The Federal Communications Commission caved in to pressure from Congress Tuesday and moved from Oct. 1 to Sept. 1 the date at which new cable TV rate regulation rules will take effect.
FCC plans to enforce a rollback in cable rates by as much as 15% nationwide.
The FCC action was prompted in part by an offer from the U.S. Treasury Dept. to transfer 30 accountants, 10 clerks and four secretaries to the FCC to help the understaffed agency carry out its cable reregulation rules.
Congress and the FCC have been in a tug-of-war in recent weeks over the date at which new cable rate reg rules will become effective. Originally, the FCC had set the start-up date for mid-June. However, interim FCC chairman James Quello later postponed that date to Oct. 1, claiming the agency lacked the manpower and financial resources to implement the measure.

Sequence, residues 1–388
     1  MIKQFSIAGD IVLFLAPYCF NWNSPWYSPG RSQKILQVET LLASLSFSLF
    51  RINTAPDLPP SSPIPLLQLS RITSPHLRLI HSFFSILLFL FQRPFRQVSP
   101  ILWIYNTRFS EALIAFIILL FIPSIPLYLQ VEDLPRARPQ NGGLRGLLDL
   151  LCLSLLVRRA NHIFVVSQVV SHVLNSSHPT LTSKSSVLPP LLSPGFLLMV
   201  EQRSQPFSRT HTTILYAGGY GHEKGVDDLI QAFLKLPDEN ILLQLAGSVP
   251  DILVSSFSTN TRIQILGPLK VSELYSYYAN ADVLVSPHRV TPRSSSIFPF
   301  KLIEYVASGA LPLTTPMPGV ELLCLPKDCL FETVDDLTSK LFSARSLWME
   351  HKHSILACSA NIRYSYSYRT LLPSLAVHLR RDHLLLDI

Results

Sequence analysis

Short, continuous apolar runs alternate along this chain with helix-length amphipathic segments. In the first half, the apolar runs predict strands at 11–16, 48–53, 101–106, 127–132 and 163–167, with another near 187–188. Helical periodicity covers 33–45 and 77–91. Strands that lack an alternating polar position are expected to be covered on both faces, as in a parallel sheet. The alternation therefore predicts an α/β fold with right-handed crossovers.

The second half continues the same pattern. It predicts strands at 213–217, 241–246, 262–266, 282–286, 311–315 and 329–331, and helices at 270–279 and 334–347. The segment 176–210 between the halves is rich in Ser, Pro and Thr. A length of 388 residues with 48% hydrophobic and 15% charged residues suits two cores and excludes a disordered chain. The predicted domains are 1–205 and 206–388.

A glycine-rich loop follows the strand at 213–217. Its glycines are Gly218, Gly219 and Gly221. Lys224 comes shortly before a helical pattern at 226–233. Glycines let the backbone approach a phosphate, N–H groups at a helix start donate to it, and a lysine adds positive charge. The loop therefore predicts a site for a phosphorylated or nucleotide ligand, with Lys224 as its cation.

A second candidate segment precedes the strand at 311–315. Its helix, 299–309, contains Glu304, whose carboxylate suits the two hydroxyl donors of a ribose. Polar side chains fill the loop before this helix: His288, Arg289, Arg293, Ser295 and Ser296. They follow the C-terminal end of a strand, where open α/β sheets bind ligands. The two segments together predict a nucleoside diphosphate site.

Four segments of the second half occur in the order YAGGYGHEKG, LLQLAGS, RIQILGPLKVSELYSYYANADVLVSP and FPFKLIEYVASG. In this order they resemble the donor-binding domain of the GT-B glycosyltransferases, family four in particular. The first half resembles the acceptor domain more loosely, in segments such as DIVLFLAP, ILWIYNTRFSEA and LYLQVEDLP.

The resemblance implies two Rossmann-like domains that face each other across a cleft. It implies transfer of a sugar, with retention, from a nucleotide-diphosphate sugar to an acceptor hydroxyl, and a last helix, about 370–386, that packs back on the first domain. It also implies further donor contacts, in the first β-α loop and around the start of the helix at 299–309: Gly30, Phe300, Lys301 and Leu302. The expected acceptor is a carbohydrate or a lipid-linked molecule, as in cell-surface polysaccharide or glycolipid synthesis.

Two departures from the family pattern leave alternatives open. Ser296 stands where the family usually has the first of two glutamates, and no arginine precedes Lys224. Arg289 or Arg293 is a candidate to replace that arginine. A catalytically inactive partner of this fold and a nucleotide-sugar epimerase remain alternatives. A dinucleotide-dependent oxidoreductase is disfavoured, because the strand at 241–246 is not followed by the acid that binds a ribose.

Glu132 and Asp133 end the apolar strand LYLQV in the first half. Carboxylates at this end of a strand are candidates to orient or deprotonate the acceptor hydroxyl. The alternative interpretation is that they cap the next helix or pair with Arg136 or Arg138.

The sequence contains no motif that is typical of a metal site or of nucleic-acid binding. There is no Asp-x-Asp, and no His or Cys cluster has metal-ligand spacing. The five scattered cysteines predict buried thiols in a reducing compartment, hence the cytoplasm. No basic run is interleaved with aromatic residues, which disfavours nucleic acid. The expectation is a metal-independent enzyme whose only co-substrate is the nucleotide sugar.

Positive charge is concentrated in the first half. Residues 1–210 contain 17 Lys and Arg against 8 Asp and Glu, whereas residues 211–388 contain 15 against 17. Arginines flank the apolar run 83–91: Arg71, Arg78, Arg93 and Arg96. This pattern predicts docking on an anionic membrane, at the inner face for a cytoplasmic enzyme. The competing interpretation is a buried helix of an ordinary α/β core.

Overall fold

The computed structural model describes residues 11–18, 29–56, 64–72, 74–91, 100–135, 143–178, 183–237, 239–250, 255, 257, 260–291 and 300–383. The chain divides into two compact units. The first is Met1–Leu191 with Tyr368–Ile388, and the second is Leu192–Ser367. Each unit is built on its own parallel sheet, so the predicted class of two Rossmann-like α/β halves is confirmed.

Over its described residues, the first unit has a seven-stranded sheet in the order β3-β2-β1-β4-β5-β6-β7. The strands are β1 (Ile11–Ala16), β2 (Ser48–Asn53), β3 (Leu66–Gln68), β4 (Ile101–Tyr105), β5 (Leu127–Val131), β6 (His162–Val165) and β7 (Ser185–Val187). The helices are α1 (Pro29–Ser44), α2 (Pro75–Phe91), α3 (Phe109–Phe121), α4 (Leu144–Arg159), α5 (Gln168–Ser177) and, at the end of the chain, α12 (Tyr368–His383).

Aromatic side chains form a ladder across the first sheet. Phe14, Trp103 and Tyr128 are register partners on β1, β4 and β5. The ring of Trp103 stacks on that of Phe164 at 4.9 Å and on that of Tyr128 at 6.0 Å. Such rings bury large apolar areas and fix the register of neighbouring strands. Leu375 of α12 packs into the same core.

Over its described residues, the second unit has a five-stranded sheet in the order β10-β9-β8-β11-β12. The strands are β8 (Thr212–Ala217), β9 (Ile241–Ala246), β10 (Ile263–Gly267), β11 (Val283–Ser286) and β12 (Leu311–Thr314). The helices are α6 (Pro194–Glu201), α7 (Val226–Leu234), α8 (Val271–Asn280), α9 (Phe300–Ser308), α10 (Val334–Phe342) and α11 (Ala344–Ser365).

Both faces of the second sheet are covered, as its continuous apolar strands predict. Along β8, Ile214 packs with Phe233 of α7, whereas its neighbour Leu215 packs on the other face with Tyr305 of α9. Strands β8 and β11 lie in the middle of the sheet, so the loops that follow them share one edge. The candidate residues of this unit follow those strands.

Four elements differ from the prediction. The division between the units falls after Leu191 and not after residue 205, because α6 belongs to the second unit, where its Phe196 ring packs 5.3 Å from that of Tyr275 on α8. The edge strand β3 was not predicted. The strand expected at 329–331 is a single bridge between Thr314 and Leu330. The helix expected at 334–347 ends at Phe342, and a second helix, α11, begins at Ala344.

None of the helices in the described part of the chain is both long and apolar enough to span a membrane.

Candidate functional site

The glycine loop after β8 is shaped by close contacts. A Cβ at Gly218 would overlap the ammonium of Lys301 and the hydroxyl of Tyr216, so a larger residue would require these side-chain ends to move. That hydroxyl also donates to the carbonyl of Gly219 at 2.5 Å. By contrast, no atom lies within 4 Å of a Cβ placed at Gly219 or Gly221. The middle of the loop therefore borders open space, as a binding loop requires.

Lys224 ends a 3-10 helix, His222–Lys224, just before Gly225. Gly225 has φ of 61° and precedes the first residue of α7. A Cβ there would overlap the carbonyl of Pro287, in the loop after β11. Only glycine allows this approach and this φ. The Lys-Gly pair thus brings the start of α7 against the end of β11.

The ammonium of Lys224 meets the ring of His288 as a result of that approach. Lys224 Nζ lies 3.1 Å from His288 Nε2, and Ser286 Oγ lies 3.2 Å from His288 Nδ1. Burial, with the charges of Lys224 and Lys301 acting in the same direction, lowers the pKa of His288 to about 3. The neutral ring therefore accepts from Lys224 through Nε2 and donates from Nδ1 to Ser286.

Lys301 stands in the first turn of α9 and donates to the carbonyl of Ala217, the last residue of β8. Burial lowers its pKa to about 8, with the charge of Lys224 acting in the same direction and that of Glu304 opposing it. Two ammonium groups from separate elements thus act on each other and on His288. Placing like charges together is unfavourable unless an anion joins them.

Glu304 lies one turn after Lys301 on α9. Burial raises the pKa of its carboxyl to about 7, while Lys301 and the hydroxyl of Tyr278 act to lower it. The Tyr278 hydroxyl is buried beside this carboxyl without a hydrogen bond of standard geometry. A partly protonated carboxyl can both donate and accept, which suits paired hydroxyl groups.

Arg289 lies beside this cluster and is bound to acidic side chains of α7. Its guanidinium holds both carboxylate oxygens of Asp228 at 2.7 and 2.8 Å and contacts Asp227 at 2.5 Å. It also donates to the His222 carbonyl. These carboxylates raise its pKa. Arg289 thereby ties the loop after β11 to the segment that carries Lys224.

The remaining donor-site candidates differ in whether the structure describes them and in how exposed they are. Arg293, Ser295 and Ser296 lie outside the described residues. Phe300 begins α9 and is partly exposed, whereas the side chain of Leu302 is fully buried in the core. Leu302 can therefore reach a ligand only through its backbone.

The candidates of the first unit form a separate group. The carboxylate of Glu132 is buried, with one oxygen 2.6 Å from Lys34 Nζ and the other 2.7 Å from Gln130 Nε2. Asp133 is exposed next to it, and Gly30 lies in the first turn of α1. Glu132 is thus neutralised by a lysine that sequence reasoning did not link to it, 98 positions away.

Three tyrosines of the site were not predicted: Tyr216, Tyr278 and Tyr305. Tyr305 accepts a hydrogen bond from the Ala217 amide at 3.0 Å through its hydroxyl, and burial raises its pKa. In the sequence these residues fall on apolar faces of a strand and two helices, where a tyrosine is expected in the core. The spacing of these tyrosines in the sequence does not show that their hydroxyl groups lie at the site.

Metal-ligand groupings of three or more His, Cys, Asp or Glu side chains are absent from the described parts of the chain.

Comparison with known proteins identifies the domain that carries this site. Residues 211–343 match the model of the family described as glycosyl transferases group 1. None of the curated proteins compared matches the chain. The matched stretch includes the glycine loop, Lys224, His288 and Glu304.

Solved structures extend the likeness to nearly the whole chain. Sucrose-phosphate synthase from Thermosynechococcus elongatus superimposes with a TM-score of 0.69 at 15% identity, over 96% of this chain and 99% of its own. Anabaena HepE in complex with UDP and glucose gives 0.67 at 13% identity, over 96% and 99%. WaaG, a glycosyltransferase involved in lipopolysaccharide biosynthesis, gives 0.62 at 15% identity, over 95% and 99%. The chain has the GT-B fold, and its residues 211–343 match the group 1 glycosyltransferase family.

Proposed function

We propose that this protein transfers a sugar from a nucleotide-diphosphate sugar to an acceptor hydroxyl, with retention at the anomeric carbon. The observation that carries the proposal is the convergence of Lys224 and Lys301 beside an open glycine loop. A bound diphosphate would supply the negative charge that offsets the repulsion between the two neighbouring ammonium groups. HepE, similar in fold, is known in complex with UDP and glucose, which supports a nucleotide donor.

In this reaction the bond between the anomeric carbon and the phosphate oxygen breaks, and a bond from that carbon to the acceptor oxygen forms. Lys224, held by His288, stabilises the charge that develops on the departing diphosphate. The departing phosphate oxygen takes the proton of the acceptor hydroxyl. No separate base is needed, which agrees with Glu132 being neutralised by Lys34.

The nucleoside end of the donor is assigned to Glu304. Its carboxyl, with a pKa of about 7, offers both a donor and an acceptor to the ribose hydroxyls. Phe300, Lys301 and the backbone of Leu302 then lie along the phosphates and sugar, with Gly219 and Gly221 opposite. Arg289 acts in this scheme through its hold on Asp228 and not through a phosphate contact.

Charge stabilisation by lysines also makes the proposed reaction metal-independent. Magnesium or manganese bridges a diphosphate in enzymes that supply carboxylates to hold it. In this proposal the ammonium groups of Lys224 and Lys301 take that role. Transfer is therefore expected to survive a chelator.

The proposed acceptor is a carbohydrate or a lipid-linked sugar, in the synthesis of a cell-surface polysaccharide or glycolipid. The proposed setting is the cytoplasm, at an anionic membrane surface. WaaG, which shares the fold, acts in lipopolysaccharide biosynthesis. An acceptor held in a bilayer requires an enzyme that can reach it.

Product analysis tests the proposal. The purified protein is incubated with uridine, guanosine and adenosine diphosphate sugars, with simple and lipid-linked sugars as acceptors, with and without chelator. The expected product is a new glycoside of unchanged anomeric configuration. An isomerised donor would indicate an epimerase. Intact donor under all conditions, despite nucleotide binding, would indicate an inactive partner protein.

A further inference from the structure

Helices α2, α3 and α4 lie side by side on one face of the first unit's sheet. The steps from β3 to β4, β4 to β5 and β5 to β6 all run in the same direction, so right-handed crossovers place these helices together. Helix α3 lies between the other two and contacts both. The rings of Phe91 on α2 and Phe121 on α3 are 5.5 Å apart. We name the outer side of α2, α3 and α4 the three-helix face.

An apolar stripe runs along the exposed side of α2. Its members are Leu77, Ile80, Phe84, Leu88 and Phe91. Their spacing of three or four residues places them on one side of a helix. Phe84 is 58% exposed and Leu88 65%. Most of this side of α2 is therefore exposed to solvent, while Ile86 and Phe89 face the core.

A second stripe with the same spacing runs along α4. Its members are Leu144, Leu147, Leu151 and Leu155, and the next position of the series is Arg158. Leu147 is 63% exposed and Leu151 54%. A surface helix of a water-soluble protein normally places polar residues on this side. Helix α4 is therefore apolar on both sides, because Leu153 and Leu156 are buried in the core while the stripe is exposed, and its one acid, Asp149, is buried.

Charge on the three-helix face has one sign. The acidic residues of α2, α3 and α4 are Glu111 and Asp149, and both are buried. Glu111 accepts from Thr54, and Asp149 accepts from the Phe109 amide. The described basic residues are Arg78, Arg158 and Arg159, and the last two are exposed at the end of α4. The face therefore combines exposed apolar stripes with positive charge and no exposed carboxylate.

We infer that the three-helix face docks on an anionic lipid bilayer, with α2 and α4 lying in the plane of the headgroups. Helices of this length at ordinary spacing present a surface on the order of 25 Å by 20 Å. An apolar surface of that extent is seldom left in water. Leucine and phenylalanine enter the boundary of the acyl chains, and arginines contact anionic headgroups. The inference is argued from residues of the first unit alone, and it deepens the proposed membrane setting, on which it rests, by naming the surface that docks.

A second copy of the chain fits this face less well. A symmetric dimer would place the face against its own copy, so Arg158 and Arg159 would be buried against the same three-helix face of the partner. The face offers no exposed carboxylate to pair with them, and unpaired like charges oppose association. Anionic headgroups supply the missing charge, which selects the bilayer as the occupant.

The delay infuriated the Consumer Federation of America, which claimed the postponement would result in a $ 300 million giveaway to cable companies.
The postponement also angered Senate communications subcommittee chairman Daniel Inouye (D-Hawaii) and House telecommunications subcommittee chairman Ed Markey (D-Mass.). Both Inouye and Markey urged Quello to move up the effective date to Sept. 1.
Quello relented Tuesday, saying in a statement that the move was “influenced in part by the possibility that the congressional advocates of the Sept. 1 dates could express displeasure by cutting the FCC’s future funding to administer the Cable Act.”
Quello conceded that it would have been difficult insisting on the Oct. 1 date after the Treasury Department pledged to provide 44 employees to assist the FCC carry out the cable rules.